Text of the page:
It’s the day of Diane’s funeral and, before the service, Diane’s mother Carol finds Ric in the hospital chapel and gives him a letter that she found in Diane’s flat. Ric is disturbed to read that his engagement to Thandie made Diane focus on what’s wrong with her life.
After the service, everyone gathers for Diane’s wake in the hospital bar. Diane’s parents become angry when they are approached by the train driver who killed Diane, but when he reveals that Diane didn’t try to escape from the car she was driving, Ric concludes that Diane actually tried to kill herself.
Elliot discourages Ric from mentioning this theory to Diane’s parents. But when Ric makes his speech he decides to say what he’s really thinking: that Diane committed suicide and that he should have done more to support her. Furious at Ric’s suggestion, Diane’s father Oliver punches him.
Later Thandie tries to comfort Ric and urges him to let her be his wife. Seemingly uncovinced, he agrees.
Connie visits her estranged father, William, in a Peckham hospital after he suffers a head injury from being bottled. However he has a more serious pulmonary condition and, unhappy with how he’s being treated, persuades him to come to Holby. Connie hasn’t seen her dad, since her mother’s funeral 12 years ago and she is upset learn that her mother was mentally ill and she didn’t know. Returning to her family home to collect an overnight bag for him, Connie is shocked to find that her old bedroom is a shrine to her success and she realises that her parents have always been proud of her.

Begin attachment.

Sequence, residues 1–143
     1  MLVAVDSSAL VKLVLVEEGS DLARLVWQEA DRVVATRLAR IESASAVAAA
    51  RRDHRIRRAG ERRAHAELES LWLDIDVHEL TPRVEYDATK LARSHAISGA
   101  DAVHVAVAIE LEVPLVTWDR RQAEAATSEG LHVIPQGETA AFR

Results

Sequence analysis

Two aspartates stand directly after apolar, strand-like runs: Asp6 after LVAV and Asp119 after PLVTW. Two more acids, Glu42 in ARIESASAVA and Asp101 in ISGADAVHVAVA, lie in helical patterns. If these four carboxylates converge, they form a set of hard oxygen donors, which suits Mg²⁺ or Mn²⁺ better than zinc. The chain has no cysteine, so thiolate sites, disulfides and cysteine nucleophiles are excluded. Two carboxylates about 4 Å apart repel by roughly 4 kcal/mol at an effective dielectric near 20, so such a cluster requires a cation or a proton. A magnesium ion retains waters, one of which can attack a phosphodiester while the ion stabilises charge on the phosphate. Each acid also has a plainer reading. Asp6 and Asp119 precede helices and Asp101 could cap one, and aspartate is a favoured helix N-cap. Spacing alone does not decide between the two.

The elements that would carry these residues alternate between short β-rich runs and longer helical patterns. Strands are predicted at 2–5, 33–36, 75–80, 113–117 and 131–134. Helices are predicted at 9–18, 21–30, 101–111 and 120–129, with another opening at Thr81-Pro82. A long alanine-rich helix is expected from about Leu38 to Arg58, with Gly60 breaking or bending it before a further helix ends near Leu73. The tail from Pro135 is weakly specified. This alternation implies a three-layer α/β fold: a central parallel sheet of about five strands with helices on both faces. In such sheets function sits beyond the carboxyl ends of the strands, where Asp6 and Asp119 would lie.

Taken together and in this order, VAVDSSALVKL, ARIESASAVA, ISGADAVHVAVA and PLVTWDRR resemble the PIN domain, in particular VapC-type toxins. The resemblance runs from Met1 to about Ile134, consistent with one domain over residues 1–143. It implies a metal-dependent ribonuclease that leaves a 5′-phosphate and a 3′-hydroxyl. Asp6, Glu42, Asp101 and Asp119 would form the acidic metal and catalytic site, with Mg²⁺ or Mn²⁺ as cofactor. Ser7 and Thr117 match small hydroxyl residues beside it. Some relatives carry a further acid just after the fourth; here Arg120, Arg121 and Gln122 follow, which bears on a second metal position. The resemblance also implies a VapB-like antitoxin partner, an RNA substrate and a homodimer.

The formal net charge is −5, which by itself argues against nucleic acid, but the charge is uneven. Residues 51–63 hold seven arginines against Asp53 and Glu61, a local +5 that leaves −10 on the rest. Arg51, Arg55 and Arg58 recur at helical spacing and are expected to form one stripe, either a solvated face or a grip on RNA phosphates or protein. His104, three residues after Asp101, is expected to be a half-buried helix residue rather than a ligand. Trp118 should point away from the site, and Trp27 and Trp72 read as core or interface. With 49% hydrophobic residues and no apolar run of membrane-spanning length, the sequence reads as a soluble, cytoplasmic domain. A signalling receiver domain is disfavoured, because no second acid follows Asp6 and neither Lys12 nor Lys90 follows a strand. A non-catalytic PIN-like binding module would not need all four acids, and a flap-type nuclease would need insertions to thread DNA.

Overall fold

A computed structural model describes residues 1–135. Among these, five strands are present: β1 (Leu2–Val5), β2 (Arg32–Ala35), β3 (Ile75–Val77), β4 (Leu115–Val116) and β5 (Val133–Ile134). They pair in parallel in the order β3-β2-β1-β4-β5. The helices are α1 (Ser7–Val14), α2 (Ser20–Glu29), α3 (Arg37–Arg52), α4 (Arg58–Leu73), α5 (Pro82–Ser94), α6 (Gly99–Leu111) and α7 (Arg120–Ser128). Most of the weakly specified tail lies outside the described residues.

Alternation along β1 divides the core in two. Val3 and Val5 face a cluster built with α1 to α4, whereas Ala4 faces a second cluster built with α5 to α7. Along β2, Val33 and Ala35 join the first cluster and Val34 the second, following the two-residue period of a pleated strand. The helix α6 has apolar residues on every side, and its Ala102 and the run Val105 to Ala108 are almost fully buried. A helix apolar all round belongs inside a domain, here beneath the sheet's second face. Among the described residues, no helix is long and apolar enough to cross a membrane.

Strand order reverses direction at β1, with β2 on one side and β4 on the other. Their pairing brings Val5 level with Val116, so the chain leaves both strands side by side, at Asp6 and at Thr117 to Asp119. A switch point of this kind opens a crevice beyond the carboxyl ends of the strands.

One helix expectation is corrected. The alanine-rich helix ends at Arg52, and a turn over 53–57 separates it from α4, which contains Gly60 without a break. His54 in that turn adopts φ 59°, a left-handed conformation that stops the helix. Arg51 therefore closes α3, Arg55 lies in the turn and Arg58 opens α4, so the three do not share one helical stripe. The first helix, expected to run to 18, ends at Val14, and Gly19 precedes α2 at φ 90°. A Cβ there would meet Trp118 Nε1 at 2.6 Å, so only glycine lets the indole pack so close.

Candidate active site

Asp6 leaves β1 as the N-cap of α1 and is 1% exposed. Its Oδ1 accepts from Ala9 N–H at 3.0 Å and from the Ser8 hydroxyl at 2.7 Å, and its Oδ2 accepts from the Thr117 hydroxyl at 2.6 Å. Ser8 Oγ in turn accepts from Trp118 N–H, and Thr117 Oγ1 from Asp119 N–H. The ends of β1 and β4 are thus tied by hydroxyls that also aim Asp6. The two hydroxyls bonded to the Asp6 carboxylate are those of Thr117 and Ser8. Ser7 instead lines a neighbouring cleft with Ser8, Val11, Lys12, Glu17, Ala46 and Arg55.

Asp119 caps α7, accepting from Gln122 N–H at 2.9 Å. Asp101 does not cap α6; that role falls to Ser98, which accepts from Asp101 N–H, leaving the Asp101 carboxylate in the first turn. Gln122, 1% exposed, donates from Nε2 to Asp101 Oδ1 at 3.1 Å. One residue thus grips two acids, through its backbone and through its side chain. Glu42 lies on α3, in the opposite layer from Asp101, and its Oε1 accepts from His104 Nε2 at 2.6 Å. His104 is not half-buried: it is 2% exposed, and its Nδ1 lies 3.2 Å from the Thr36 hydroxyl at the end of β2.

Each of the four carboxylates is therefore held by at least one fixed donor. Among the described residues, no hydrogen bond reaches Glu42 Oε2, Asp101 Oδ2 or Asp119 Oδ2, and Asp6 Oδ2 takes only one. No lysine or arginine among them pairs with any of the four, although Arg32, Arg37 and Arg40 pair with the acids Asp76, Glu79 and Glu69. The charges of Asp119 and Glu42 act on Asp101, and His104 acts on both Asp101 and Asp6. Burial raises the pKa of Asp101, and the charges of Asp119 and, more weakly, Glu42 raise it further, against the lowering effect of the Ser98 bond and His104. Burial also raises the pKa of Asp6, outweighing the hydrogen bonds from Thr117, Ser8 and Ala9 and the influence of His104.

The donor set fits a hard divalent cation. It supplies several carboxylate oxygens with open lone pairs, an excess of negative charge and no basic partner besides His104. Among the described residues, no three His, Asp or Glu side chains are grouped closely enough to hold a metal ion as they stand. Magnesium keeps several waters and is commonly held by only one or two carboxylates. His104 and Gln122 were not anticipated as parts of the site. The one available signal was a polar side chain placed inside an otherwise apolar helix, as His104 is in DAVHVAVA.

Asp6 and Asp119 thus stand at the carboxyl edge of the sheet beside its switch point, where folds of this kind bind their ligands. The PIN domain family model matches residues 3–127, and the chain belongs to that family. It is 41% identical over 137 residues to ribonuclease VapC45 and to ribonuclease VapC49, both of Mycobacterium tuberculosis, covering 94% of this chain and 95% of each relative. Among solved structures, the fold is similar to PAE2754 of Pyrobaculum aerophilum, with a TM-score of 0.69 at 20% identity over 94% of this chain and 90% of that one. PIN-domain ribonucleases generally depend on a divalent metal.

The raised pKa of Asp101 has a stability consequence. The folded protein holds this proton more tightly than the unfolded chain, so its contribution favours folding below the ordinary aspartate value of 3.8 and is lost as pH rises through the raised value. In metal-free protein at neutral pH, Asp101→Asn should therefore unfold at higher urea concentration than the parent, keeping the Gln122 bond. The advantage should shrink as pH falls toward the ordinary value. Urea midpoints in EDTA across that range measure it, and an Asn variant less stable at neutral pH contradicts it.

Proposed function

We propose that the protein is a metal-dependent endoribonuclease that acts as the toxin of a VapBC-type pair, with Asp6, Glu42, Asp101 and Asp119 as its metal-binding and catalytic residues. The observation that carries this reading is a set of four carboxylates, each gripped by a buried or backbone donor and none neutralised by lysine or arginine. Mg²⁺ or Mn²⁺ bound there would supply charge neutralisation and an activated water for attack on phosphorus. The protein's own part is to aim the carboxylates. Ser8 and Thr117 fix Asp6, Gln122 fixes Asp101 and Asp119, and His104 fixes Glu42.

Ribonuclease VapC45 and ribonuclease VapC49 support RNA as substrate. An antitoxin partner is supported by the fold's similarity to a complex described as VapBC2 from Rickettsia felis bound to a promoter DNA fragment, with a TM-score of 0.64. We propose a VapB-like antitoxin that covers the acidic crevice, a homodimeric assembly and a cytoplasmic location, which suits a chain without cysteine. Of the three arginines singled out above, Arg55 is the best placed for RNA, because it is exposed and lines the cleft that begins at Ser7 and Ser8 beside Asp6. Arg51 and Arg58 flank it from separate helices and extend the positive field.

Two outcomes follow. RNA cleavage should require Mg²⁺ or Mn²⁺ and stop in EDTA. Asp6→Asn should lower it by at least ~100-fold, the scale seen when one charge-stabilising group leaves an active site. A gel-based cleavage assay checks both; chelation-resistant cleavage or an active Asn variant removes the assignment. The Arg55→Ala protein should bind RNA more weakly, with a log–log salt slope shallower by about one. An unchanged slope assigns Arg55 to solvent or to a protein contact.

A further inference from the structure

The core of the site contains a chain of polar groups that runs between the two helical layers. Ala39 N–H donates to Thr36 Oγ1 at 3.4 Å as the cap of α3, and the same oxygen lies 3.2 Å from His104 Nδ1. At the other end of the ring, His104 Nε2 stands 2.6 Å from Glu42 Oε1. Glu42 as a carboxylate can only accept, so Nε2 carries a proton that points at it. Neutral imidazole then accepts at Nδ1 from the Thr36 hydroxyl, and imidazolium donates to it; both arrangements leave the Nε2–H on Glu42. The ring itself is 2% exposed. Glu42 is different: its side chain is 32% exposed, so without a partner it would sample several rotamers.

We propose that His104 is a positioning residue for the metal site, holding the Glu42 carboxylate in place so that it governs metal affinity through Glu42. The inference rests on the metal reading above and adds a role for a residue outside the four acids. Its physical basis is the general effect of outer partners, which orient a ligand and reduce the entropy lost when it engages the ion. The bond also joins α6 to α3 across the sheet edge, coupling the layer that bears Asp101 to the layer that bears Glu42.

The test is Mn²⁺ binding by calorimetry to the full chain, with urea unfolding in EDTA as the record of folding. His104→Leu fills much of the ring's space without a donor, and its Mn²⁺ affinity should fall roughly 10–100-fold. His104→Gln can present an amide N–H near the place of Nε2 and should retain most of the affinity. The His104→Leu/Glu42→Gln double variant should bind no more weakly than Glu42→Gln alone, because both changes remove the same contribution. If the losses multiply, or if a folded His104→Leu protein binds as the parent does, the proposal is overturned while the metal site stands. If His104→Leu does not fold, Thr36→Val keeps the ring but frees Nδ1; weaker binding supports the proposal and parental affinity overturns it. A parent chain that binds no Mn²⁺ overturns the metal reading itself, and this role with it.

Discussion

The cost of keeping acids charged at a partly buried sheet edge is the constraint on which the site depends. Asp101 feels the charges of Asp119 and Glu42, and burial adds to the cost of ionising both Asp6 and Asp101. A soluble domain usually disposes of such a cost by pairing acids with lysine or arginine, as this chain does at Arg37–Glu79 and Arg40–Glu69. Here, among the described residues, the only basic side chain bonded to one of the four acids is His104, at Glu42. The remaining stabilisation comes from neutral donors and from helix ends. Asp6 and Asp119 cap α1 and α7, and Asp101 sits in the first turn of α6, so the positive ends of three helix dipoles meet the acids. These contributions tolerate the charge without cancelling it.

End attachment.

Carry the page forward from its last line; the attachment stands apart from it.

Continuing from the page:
Back at the hospital, Elliot successfully operates on William. Connie encounters Sam with Grace. Realising the importance of family, Connie says that she’s happy for Sam to spend more time with his daughter whilst Connie resolves to spend more time with her dad.
- Diane appears in two flashbacks of Ric’s.
- Carol returns a book to Ric that Diane had from him. ‘Poems by Keats’ by Arthur Symons. Enscribed in the front ‘To Diane, Something to take through life with you. Love Always Ric’.
- Diane’s letter to Ric read, ‘I think it’s best to keep things short, if not particularly sweet. We’ve been friends for a long time and all I’ve ever wanted was for us to both to be happy. It’s a shame we couldn’t find that happiness together. I know now that will never be the case so I wanted to tell you the news about your enagagement has helped me really focus on what was wrong with my life. I’m glad you found what you need. Goodbye. All my best Diane.’
- Connie offers Maria £150 to babysit Grace for the day.
- At the funeral, Mark reads the Keats poem ‘Ode on Melancholy’.
- ‘Spare me the professional mourners!’ Jac says despairing of Donna crying at the service. ‘Oh you’re all heart’ Maddy retorts.
- ‘Talk about billy-no-mates’ Jac whispers when she sees the lack of friends at Diane’s service.
- ‘Nice to see the area’s on the up!’ Connie says sarcastically on Peckham.
- ‘What is it about funerals and Scotch eggs?’ Elliot says at the wake.
- ‘Patch? What is this The Sweeney?’ Connie says to the Peckham doctor.
- Donna is remembering her last conversation with Diane, ‘I told her I liked her shoes but I didn’t – I wonder if she died in them shoes..’
- After Oliver hits Ric at the wake, Donna says ‘It’s the best flippin’ funeral I’ve ever been to!’
- Explaining about Grace to her Dad, Connie says ‘I wanted a baby so I went and got one!’.
- ‘You know what – I love my daughter’ Connie tells her father. ‘So do I’ he replies.
- Mark is disappointed at Ric’s outburst at the wake. ‘A true friend would never have said those things in there’.